Source: http://www.pistonheads.com/news/defa...?storyId=18722Originally Posted by PistonHeadsWhich? claims super fuels don't save money or improve performance
Expensive ‘super fuels’ do not improve a car’s performance and are a ‘waste of money’, according to consumer magazine Which? Car. The publication tested three so-called super fuels (Shell V-Power, Tesco Super Unleaded and BP Ultimate Diesel) against standard fuels and found that there is little benefit for motorists.
The fuels cost more at the pumps and it is claimed they optimise fuel economy and boost a car’s power. Which? Found that Shell V-Power, one of the unleaded super fuels tested, gave a 1.6-litre Ford Focus a marginal power increase. But filling the car on this petrol for 12,000 miles would cost £115 more than using Shell’s standard petrol.
Tesco’s Super Unleaded – another of the super fuels on test – actually decreased the Focus’s power. Which? Car also looked at the impact of super fuels on turbo- and supercharged engines. It found that the VW Golf’s hi-tech 1.4TSI engine responded well to Shell V-Power, but there was little to choose between super fuels and ordinary petrol when it came to economy and emissions. BP Ultimate diesel – the only diesel super fuel on test – actually made the fuel economy and performance of a Renault Mégane 1.5 slightly worse.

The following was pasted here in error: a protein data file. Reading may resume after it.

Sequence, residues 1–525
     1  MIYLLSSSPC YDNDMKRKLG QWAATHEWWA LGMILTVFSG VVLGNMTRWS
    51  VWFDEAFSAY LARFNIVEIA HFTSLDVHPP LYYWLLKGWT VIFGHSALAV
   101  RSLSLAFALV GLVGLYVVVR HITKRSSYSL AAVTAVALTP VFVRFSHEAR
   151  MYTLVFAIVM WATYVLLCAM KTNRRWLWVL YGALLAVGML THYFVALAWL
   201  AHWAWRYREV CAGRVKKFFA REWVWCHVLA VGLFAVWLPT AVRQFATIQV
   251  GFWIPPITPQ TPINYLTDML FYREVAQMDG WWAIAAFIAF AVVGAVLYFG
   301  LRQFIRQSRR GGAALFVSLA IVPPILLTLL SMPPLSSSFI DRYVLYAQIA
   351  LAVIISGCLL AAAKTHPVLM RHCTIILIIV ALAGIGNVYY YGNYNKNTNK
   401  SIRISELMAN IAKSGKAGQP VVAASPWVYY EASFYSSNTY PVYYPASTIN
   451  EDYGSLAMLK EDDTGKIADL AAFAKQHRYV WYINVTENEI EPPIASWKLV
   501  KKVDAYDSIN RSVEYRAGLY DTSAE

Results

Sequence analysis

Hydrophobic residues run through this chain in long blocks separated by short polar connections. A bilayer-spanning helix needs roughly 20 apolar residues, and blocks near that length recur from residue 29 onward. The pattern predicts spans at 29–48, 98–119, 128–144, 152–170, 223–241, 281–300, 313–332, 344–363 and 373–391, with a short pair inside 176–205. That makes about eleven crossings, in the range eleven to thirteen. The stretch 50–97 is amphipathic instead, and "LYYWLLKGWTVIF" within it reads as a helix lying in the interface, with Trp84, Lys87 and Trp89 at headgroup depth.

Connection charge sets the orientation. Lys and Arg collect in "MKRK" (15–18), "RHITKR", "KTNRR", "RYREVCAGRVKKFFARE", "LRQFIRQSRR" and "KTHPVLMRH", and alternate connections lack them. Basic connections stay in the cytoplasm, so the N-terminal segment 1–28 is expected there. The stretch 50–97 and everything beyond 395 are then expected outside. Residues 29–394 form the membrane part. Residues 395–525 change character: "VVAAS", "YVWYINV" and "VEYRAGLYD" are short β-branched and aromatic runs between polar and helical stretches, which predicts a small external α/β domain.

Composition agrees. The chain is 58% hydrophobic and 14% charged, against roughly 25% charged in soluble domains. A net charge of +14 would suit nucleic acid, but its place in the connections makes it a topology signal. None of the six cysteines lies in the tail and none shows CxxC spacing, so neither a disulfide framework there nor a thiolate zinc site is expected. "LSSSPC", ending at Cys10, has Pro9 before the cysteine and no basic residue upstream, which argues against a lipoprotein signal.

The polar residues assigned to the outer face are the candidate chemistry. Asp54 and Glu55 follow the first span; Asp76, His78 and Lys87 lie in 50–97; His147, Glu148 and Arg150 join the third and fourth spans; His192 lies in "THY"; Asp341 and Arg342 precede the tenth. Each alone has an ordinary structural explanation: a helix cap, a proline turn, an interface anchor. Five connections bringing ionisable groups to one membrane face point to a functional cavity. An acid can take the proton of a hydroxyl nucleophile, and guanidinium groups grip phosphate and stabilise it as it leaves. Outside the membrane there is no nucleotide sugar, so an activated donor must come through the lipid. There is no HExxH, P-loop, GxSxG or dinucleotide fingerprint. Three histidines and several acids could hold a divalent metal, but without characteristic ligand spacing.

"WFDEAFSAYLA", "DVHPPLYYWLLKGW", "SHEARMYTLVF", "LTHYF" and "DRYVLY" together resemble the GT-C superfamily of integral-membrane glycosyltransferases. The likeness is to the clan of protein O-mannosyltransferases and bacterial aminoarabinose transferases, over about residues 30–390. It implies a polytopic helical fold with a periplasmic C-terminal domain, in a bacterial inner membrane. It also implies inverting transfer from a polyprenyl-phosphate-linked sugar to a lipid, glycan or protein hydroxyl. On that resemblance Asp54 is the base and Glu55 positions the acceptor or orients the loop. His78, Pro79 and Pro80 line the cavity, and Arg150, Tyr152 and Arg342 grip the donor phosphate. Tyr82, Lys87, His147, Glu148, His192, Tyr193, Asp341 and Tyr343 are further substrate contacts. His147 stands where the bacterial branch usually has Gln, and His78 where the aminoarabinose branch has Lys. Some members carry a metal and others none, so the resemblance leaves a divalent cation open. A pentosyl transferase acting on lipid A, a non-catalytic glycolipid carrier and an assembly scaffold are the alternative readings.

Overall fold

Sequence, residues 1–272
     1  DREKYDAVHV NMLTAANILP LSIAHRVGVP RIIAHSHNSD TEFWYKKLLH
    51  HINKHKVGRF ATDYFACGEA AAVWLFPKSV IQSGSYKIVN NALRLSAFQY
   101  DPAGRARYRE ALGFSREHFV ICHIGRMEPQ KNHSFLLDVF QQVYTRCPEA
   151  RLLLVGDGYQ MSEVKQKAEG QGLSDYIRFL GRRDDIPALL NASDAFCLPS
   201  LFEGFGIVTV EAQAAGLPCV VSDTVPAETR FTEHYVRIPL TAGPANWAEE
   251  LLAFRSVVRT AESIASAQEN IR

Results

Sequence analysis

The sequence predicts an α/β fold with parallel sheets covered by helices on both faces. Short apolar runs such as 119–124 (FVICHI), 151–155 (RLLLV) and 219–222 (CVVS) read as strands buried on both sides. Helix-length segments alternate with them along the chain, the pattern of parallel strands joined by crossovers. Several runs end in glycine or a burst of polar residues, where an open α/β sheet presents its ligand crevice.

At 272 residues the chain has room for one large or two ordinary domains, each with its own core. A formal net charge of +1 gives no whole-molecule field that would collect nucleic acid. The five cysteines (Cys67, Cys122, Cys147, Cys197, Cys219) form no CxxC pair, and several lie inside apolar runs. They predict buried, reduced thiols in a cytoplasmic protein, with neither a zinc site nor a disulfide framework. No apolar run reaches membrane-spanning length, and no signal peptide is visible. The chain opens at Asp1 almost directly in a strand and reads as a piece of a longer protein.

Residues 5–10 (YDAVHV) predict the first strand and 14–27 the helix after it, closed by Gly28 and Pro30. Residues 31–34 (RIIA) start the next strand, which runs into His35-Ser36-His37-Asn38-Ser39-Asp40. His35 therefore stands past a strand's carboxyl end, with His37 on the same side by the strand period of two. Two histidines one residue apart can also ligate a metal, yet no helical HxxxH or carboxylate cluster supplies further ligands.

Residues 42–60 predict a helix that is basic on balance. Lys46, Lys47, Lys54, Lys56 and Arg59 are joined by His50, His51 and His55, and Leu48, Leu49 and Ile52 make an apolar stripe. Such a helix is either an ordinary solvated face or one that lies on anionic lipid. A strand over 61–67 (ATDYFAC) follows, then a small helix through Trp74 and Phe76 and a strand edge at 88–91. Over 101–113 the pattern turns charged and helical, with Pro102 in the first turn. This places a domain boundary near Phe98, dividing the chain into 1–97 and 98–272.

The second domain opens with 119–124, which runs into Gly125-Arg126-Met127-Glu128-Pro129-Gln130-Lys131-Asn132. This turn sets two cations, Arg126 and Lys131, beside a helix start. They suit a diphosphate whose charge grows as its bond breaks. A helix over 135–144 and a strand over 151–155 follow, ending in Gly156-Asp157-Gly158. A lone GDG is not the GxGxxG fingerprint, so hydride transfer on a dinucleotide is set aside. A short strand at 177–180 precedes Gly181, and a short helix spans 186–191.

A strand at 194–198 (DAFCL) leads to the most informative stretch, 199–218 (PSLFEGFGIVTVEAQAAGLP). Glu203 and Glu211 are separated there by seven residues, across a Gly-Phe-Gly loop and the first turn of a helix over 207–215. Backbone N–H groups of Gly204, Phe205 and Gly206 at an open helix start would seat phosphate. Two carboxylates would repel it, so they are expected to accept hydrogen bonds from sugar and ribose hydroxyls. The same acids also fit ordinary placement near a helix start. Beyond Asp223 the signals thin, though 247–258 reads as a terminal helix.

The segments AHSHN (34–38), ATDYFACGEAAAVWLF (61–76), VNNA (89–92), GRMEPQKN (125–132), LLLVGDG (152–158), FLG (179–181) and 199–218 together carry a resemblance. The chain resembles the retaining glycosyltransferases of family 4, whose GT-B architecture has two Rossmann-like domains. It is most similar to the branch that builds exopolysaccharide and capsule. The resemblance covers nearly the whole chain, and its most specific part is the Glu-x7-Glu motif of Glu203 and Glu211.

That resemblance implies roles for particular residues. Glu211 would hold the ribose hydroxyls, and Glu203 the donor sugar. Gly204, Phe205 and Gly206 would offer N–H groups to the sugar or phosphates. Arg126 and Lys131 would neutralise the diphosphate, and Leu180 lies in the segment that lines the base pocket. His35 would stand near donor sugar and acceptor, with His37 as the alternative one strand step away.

Which? Car editor Richard Headland said: 'For many cars it’s a waste of money paying over the odds for so-called "super fuels". The standard fuels we tested were all up to the job, whether from a major fuel brand or a supermarket. There’s no conclusive evidence to show that super fuels are better for your car in the long run - so in a time of high oil prices, why would you choose to pay more?'
Which? Car recommended that motorists would do better to drive less frequently and more economically if they want to protect the environment, as the super fuels tested only had a marginal effect on emissions and pollutants.